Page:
A woman discovers her husband is cheating on her. Does she stay or does she leave? An engaging drama, Out of Love offers a modern view of the institution of marriage and presents the outlook of the independent, urban Indian woman.
The show is about cheating husbands and suffering wives
Set in the picturesque town of Coonoor, Tamil Nadu, Out of Love is an engaging family drama. The show starts off with a steamy scene between leads, Rasika Dugal (Meera) and Purab Kohli (Akarsh). Meera soon finds a lipstick in Akarsh’s coat and a strand of highlighted hair on his scarf, both of which do not belong to her.
Suspecting that her husband is cheating on her, Meera spies on him and finds that Akarsh been not-so-secretly having an extramarital affair. Here’s where the drama begins to unfold.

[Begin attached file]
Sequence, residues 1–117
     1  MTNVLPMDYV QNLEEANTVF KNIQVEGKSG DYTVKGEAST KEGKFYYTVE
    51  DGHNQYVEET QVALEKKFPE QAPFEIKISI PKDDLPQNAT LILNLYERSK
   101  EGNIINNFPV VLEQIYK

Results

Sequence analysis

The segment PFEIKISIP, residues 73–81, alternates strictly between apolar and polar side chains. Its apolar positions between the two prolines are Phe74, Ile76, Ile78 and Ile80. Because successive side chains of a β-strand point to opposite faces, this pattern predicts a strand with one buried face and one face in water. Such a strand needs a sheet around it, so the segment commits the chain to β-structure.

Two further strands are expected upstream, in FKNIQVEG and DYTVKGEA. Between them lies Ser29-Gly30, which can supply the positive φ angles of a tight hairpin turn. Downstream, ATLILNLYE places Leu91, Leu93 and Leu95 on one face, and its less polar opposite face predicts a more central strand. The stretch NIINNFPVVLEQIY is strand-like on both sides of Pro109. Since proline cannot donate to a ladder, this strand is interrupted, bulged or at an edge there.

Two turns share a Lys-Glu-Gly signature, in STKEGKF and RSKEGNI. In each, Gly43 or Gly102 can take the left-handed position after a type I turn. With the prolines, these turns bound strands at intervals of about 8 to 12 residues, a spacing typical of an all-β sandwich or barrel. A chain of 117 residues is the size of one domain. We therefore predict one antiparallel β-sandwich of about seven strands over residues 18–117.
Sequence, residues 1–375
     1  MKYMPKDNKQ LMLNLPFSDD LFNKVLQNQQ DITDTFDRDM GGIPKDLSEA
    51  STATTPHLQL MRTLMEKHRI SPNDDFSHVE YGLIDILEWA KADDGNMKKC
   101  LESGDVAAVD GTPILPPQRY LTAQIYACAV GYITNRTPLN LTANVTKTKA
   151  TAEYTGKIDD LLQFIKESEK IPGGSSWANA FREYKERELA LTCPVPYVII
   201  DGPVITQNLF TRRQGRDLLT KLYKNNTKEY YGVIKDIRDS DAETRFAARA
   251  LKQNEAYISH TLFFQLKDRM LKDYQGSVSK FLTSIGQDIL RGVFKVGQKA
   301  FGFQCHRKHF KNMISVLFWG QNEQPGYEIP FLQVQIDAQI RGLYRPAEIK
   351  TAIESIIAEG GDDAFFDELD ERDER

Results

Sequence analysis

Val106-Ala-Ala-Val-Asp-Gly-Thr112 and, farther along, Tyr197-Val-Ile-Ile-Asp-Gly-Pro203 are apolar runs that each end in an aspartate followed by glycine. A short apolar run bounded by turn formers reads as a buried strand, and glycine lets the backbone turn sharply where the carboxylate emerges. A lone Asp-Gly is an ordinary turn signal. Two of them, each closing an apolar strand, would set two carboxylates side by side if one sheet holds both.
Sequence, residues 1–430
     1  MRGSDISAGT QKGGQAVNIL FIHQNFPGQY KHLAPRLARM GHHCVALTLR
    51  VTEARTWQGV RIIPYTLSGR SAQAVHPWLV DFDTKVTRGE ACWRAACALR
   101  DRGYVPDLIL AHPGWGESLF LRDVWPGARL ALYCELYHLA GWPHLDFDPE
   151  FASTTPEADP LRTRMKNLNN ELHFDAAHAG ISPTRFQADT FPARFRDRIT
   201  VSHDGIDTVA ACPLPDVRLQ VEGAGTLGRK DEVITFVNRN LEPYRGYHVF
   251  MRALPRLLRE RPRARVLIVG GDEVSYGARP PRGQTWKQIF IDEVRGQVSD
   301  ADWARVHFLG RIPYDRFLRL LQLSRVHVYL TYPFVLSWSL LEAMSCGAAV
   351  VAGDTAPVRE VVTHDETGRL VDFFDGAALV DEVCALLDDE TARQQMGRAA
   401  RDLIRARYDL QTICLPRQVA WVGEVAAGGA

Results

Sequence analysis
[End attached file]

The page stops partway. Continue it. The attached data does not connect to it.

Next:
It could happen to you
Meera finds out that in addition to cheating on her, Akarsh hid life-changing financial decisions from her. This revelation is even more shocking and complicates the question of whether she should leave her family or see them through the mess. It doesn’t help that she’s surrounded by characters who spy, lie and plot to take her down.
The thrill of the show lies in keeping the audience guessing whether Meera will leave her husband or give her marriage a second chance and who’s lying and who’s on her side. It’s a worthwhile reflection on the institution of marriage and how the modern Indian woman deals with infidelity. Not long ago, women would never consider leaving their husbands over an affair. Even today, the issue is complicated by class, financial stability and social stigma.
A contrast is drawn between Meera and Akarsh’s mother (Soni Razdan), who suffers from stage four cancer. Surprisingly, she has a tepid reaction to her son’s infidelity. It’s almost as if she expected it, signalling the older generation’s acceptance of male transgressions. Her hope is simply that Meera won’t leave her son, lest he is destroyed.
Rasika Dugal steals the show
Rasika Dugal is terrific as Meera, playing her character with intelligence and sympathy. You root for her and women will find it easy to draw parallels between their circumstances and those Meera has to suffer.